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Health for her

Sometimes it’s hard to be a woman, whatever your age. Rude Health magazine takes a look at the most common health issues that affect women at all stages of our lives and what natural options are available to us

Women in their teens and 20s - hormones not settled down yet

“In the teen years, hormonal changes can lead to difficulties such as acne and PMS,” says Sian Eustace of health store Healing Harvest in Kinvara, Co Galway. “Hormonal support can depend on whether the imbalance is due to dominance of oestrogen or progesterone. For oestrogen dominance symptoms include heavy and painful periods and breast pain – remedies including the herb agnus castus can be helpful. Progesterone dominance leads to lighter bleeds and longer cycles, low energy, low mood and low confidence. In this case, remedies containing soy isoflavones can help. These may be marketed to menopause but they can still be useful at this stage of life.

“Many teenagers opt for vegetarian or vegan diets which need careful consideration since plant-based diets don’t normally provide enough B12,” says Jill Bell of health store Well and Good in Midleton, Co Cork. “The best plant-based foods for teens include seeds and nuts, legumes and fruit and vegetables high in vitamin C. Try nutritional yeast flakes which are high in B12 and have a cheesy nutty flavour. There are plenty of useful food supplements high in B vitamins and iron which are suitable for teens. If cramping is associated with periods, magnesium can help. Foods high in zinc aid skin healing as well as immunity.”

“Skin problems in teen years may not need hormonal remedies – if you have acne without the other symptoms of hormonal imbalance, think of supporting skin, liver and kidneys (the organs of elimination) with remedies such as nettle and dandelion and milk thistle,” says Sian Eustace.

“There are also lots of natural skincare products to cleanse and nourish the skin. Look for ingredients such as tea tree, witch hazel and white willow.”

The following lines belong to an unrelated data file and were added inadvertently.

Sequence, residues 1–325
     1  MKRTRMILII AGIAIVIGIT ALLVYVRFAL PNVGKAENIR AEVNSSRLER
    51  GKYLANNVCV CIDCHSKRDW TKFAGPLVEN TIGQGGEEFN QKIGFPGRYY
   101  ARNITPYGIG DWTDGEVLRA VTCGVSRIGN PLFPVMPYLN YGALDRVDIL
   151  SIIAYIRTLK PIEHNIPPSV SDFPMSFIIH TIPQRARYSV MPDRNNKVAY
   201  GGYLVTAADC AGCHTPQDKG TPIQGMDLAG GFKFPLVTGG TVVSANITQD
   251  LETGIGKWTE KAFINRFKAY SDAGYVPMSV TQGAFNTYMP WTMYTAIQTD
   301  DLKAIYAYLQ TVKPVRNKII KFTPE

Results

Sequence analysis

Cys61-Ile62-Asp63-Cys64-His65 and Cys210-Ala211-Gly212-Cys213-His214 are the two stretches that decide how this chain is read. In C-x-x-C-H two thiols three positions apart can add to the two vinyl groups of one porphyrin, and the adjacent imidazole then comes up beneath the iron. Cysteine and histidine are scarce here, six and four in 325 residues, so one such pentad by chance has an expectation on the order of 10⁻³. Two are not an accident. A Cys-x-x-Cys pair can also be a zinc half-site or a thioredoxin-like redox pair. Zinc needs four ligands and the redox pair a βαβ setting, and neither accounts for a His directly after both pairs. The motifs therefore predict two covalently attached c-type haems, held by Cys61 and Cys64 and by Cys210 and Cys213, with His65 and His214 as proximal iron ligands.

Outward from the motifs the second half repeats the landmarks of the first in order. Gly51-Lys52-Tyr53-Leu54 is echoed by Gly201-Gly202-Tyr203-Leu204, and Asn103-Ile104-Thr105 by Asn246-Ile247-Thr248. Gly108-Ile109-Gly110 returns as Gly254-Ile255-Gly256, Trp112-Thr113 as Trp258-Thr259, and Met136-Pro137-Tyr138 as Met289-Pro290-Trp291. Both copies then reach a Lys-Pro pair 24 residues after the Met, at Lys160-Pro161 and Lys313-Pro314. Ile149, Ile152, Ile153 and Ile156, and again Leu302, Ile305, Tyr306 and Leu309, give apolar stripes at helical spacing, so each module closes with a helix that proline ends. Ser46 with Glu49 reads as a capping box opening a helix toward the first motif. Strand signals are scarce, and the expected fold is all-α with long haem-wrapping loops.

Women in their 30s – fertility issue

“Stress affects many health issues, including fertility,” says Jill Bell.

“A good ‘clean’ diet is important for both partners aiming to conceive, with adequate zinc and vitamin E as well as folic acid. Complementary therapies, particularly acupuncture, can be very helpful, and there are several effective food supplement complexes specific to fertility.”

“In terms of supporting fertility, it is optimal for both members of the couple to prepare well in advance of actually trying to conceive,” says Sian Eustace. “There are now many supplements aimed at supporting this stage of life, however a good diet, rich in protein and good fats, and low in refined sugars is easily as important as a multivitamin. Having said this, it is important for the woman to take a folate supplement. Good quality fats such as avocados and cold pressed flax oil are particularly important for aiding with hormonal transit, and trans fats such as margarine should be avoided. Stress should be reduced as it is counter-productive in trying to conceive. Consider stress-supporting B vitamins as well as lifestyle changes such as taking up a yoga class or doing gentle exercise.”

Women in their 40s – juggling work, family and home

“Stress can become more of a problem in your 40s due to more responsibilities,” says Sian Eustace. “Stress can be addressed through remedies and lifestyle changes. Look at remedies with B vitamins which support the nervous system, magnesium or herbs such as oats, rhodiola, siberian ginseng, lemon balm or passionflower. There are many combination remedies that are designed for stress reduction and calming. Magnesium can be useful to help relax the muscles and comes in several forms, including bath salts. These products can be useful to aid with a more restful sleep. In terms of lifestyle, gentle exercise, yoga or mindfulness practice can help with stress reduction.”